Welcome back from the long weekend — we hope you found time to relax, reflect and spend safe, quality time with family and friends.

Today’s Coronavirus Briefing is 769 words and will take you four minutes to read. 

Top news

  • The New York Times published this devastating visual of the nearly 100,000 people who have died in the U.S. from COVID-19.
  • Brazil recorded its highest daily death toll, making it the world’s second-worst outbreak country behind the U.S., with more than 374,000 confirmed cases and over 23,000 deaths.
  • The Chinese city of Wuhan is hoping to test all 11 million of its residents after several infections prompted fears of a second wave.
  • A church in Georgia and one in Houston that opened their doors last month for in-person services have closed again after several members became infected with coronavirus and a priest died.
  • There is clear evidence that wearing a mask helps mitigate virus spread, yet many people continue to disregard official advice.
  • Leaders across the globe are coming under fire for ignoring public safety recommendations.

The Takeaway:

The combined result of reopening states and lack of social distancing in many places this weekend are likely to result in a spike of infections.

Soldiers Home Cemetery In Nation's Capital Prepares For Memorial Day
Source: Getty

Veteran values

In honor of Memorial Day yesterday, here’s one more reason to thank our veterans and the values they represent.

As Americans paused over the weekend to remember Armed Forces members who died in service, one veteran was giving thanks to several heroes who “by their sacrifice, saved lives and catastrophe.” Lois Bowers of McKnight’s Senior Living relays the story of Tyson Francis Belanger, owner of Shady Oaks Assisted Living in Bristol, Connecticut, and a former Marine who served three tours of duty in Iraq. Belanger, along with 17 caregivers, chose to shelter in place in the 36-resident home beginning March 22 to try to prevent COVID-19 from entering. Today, the entire staff and all residents are infection-free and prepared to resume commuting, albeit with a strategy for safety in place.

The Takeaway:

Among the BBQs and family time, it is hoped everyone found a moment to thank those who served and remember those who made the ultimate sacrifice for their country.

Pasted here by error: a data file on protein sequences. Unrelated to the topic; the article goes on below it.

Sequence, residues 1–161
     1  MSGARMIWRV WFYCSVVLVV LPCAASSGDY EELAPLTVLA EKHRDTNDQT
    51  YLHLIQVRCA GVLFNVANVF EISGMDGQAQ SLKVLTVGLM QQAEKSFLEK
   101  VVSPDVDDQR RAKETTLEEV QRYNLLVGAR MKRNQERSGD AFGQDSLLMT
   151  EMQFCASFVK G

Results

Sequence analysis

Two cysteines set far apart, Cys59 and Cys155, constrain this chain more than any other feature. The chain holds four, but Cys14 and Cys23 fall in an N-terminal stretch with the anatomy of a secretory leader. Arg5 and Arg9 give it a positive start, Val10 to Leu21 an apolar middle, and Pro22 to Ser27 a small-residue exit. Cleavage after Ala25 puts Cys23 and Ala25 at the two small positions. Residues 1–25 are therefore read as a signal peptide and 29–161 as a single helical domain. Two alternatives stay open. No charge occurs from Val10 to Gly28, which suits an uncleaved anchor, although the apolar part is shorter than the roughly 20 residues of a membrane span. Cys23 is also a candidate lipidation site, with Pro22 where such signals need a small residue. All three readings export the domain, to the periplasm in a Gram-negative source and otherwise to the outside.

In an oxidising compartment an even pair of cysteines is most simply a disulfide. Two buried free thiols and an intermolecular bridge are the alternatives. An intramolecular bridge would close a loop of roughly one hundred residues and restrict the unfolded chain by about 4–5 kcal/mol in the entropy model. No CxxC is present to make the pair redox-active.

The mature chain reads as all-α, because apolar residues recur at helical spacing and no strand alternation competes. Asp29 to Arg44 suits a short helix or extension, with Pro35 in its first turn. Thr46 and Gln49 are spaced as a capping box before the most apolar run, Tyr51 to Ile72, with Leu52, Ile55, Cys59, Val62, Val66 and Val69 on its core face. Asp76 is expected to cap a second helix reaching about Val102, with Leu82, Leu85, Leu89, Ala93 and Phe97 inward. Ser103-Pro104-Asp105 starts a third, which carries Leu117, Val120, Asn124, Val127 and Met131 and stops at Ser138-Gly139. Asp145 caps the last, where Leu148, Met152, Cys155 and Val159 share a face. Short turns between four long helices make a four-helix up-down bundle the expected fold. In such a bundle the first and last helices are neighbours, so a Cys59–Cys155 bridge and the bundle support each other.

united airlines
Source: Getty

Comms helps online platforms, grads, brands… and bellhops

The power of communications has never been more in evidence during the health pandemic and its effective deployment is proving vital across the board. 

  • Diana Bradley in PRWeek U.S. takes a look at how Zoom’s global CMO Janine Pelosi and her marketing team have managed a platform that has gone from 10 million daily meeting participants in December 2019 to 300 million during the global lockdown.
  • PRWeek also reports how COVID-19 forced PR agencies to cancel summer internship programs and pause hiring, creating a double barrier for college students and graduates entering the industry. In response, the PR Council set up the Agency Ready Certificate Program, providing participants with top agency executive-led webinars. Hear what four recent grads have to say about the industry and the initiative.
  • Chris Daniels reports in PRWeek U.S. about United Airlines, Red Hat and eBay navigating a change of CEO in the midst of the crisis — transparent internal and external communication strategies have been key. In the case of United, Josh Earnest, former White House press secretary and the airline’s SVP and chief communications officer, maintains contact across all operations, including the executive team marketing, comms, legal and government affairs.
  • Speaking of communication, this video shared in Conference & Incentive Travel of a bellhop tap dancing his way through the grand and empty halls of a hotel for Fairmont Banff Springs and Fairmont Chateau Lake Louise in the Canadian Rockies is fantastic.

The Takeaway:

Authenticity, transparency, giving back and a little bit of fun serve to illustrate all facets of the communications process.

Doctor holding Chloroquine Phosphate drug
Source: Getty

Drug matters

The debates around drug safety continue. 

The Takeaway:

It’s fair to say a vaccine can’t come too soon if we are to have some certainty about what is and isn’t safe to take in order to combat coronavirus.

That’s it for us today folks – we’ll be back tomorrow with our regular robust briefing. Until then, enjoy this song to help kick-start your week.

The Black Eyed Peas, Let’s Get It Started